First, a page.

Remus said that Harry had to be a bit like Aladdin, and couldn’t show people that he could do certain things like the Genie did. Outside the house, it had to be a secret.

So Harry definitely shouldn’t make the carpets fly, even if he thought the other kids would enjoy it.  


Remus thought they were very well prepared for Harry’s beginning of school. They had all the adequate muggle papers for one Harry Fleamont (Fleamont, and not Potter, after that grandfather he would never get to know. They didn’t want to risk his name leaking out from the muggle world back to wizarding society. And if Severus had tracked down the Evans to Dursley, so could anyone else). They had the school supplies and a bright and colourful backpack with Lumiére and Cogsworth. They had a child who already knew how to read and write decently and who seemed excited at the prospect of attending school.

There was, however, something they hadn’t accounted for.

Snape had been all for making Remus a widower, but Remus had felt a bit uncomfortable about claiming paternity, even if he thought of Harry as his own. They had decided, instead, that he would play the role of an uncle caring for his nephew after the tragic death of his sister and her husband. It was closer to the truth and it left Remus free to talk to Harry about James and Lily if and when the child decided to ask.

So they had a perfectly good background for both of them. A good tight story that didn’t arise any suspicions, or rather, a story that deterred people from asking questions. They both knew that questions were a danger.

What neither of them had considered was that from an outside perspective Remus came across like a young, tall, ruggedly handsome man who was selflessly taking care of a child. A bad boy turned good. What neither of them had considered was that Sirius Black (cursed be his name) was the dashing boy of their year, but Remus didn’t look half bad either.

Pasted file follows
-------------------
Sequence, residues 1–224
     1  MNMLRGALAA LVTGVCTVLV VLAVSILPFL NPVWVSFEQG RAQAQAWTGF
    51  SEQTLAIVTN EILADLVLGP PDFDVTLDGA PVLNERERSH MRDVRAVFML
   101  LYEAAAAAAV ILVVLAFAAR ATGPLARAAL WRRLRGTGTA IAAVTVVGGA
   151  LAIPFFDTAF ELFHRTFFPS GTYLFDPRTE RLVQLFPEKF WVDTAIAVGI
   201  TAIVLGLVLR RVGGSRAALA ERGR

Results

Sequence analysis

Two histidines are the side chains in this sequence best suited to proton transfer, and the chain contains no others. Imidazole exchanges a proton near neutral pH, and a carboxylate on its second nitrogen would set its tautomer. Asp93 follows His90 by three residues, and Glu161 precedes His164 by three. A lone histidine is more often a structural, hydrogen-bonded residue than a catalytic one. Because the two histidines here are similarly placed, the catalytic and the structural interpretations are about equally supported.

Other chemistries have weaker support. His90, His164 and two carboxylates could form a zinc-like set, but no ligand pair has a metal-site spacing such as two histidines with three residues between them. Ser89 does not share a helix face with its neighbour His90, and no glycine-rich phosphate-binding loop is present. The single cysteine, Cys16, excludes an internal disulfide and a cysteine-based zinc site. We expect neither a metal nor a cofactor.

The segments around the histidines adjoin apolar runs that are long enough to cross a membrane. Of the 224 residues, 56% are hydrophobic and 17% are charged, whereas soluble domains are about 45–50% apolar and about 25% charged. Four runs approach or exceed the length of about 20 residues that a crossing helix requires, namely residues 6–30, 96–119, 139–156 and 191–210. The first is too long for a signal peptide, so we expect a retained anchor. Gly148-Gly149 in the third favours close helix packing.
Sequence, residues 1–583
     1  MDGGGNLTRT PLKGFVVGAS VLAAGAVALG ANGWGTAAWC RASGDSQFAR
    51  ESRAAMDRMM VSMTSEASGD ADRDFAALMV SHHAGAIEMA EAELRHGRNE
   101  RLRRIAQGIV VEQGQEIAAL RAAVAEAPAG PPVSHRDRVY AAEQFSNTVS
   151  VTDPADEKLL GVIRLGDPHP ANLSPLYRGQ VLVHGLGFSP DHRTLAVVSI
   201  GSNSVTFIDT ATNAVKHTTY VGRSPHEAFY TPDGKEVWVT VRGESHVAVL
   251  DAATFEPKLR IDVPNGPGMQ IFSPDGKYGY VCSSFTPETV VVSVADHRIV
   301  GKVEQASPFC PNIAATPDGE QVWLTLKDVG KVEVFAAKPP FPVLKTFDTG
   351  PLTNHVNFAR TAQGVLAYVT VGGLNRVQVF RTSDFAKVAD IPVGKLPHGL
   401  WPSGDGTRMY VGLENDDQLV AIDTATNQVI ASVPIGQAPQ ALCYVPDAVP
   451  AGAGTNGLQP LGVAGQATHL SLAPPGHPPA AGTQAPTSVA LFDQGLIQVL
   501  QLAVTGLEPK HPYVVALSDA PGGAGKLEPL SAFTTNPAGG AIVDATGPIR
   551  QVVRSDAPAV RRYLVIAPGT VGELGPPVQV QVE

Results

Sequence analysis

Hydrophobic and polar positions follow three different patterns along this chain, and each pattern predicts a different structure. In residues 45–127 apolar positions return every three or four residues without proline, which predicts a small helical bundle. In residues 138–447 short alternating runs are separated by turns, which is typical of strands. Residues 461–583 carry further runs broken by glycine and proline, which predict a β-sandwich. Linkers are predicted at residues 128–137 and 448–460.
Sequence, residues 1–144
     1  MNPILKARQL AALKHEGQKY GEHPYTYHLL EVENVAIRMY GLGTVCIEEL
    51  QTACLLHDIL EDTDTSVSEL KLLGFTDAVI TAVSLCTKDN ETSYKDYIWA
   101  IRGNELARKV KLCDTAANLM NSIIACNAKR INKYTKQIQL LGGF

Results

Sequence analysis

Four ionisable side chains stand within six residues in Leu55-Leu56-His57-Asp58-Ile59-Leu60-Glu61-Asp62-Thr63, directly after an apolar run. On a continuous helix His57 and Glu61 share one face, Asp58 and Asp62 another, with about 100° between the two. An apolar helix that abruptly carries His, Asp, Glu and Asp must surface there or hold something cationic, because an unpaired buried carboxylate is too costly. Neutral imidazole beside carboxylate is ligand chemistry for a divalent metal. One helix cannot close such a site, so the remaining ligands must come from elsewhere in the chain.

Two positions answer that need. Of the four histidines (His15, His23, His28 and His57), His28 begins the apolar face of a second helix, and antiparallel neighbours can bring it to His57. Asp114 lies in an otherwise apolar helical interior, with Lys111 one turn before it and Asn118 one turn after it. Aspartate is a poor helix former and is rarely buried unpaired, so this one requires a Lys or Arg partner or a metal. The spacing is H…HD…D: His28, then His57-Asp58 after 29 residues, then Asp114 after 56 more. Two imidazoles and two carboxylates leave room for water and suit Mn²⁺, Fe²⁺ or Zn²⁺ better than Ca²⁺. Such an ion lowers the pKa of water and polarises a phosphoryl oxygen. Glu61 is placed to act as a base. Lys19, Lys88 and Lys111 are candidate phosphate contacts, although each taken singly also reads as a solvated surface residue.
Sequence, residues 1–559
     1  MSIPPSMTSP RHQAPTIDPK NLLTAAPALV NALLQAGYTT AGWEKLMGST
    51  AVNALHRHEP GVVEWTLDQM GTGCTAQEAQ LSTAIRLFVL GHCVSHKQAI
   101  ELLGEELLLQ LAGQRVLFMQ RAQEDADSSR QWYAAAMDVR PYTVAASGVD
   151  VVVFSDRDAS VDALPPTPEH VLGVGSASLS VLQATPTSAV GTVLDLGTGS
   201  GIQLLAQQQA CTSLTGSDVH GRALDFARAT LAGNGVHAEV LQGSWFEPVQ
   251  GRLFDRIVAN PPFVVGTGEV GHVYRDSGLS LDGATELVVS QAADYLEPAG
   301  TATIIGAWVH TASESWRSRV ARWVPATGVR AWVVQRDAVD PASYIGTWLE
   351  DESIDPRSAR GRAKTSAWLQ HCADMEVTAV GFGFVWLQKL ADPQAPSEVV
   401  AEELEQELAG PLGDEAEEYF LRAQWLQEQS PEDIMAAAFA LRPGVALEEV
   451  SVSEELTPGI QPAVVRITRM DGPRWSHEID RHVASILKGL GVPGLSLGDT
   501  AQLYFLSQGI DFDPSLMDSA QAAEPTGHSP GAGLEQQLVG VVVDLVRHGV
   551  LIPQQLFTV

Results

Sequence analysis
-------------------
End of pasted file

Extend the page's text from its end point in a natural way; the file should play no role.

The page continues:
Remus stood among the group of mothers, and the occasional father, that waited for the children, chatting happily with all of them. He had always enjoyed people’s company even if it was soon withdrawn from him. He was focused, however, on delivering his story right while looking perfectly muggle and conventional; and on listening to the multiple offers of help and advice that were coming his way (the woman who used white wine for cooking was on to something, she would pass him her recipe for chicken). So perhaps Remus could be excused for not noticing right away.

The mothers thought Remus was adorable. Harry’s teacher, Miss Bliss, thought he was adorable and yummy. Even Mr. Bertrand, the music teacher, looked at Remus once and spent the rest of the term questioning what he knew about sexuality.

The children left the school. Harry started to run when he saw Remus, a big excited grin on his face.

Remus crouched to pick him up. His shirt sleeves were rolled up exposing strong arms that flexed and strained against the clothes as he easily lifted Harry in the air. The sun caught in his light hair and he smiled his wolfish smile that did things to people’s bellies and the region just below.